Back at Barbary Lane are Laura Linney as the sometimes annoying Mary Ann and Olympia Dukakis and the magical Anna Madrigal. Two superb actresses. Also back is Paul Gross, the original Brian. Michael is now played by Murray Bartlett, a huge improvement over smarmy Paul Hopkins in the previous two outings, but not as sweet as the original Michael played by Marcus D'Amico. Barbara Garrick also returns as DeDe, but she's a marginal character here.
Chief among the newcomers to Barbary Lane is Ellen Page as the tough Shawna, the daughter of Brian and Mary Ann .... or is she? We also get a complicated lesbian couple (Garcia and May Hong), a snoopy "reader" (Victor Garber). and a strange lesbian filmmaker (Zosia Mamet).
I found DeDe's misbegotten twins extremely annoying. I'm not sure if they were meant to be comic relief, but they ain't funny. There are several other recurring characters but they're not terribly important.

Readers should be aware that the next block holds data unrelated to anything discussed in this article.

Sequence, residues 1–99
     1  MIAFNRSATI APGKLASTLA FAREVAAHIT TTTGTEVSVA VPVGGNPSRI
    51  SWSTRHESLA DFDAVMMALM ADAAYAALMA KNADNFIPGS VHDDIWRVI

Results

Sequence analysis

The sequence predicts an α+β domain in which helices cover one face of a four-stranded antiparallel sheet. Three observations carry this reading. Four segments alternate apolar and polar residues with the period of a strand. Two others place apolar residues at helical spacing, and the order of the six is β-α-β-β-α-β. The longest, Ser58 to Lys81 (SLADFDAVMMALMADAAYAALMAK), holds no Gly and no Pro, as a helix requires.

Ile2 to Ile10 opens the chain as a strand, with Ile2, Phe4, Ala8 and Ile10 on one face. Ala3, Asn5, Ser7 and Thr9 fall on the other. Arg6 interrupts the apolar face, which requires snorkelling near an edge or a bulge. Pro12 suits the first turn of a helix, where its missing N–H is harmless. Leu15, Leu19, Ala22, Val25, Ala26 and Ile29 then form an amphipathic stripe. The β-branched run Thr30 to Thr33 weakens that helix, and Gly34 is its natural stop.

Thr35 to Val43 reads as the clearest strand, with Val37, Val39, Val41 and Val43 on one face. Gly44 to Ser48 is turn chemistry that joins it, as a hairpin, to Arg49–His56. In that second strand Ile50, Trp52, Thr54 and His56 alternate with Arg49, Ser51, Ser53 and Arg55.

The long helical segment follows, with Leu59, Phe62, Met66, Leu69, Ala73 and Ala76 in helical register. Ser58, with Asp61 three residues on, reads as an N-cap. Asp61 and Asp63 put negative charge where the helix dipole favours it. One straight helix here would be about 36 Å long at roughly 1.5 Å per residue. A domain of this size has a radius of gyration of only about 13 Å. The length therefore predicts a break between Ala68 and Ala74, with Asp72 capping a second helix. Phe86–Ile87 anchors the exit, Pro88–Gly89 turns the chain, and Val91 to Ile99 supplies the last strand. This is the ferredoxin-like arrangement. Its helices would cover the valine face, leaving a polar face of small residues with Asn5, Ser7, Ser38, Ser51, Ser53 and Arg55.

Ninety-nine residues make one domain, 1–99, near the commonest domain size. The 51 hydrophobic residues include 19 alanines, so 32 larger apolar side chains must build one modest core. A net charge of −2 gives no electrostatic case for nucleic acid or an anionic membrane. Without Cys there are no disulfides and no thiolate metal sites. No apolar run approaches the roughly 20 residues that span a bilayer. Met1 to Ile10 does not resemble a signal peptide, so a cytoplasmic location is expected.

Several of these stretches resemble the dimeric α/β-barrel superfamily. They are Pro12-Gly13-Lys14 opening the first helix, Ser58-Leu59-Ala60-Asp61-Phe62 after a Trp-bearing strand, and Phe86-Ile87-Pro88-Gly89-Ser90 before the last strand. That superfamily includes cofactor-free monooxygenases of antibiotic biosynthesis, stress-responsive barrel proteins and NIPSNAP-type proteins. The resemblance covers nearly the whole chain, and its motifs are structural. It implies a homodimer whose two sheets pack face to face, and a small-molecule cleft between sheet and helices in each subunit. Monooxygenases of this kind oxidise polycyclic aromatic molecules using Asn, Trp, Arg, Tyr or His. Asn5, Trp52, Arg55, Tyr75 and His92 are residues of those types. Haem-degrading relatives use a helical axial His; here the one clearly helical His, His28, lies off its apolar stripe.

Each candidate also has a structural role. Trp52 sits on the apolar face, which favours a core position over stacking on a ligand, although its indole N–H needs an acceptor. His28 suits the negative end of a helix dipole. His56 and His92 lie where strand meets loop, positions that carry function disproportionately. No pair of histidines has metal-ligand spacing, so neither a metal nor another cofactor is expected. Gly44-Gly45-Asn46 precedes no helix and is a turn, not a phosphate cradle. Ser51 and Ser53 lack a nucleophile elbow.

A few name actors pop up in one or two appearances: John Glover as an old cop, Mary Louise Wilson as the home resident, Luke Kirby as a 1960s cop, Stephen Spinella as a dinner guest, Molly Ringwald as an art collector, and Danny Burstein as Connie's old husband.
The standout episode of this series in #8, which re-enacts the infamous drag queen riot at Compton's Cafeteria in San Francisco. This looms as the backdrop to the flashback of Anna's arrival in San Francisco in 1966 as a 40-something woman.
And despite a largely annoying storyline that clutters the achingly sad finale, we finally clear the gaudy debris and get to the great loss we all knew was coming.
Many kudos to the indomitable Olympia Dukakis for her portrayal of Mrs. Madrigal over the decades and to Laura Linney for her chirpy performance as Mary Ann and also for producing this series.
This wonderful episode traces Mrs. Madrigal's arrival in San Francisco in the mid-1960s. Her story is set against a now forgotten riot at Compton's Coffee Shop.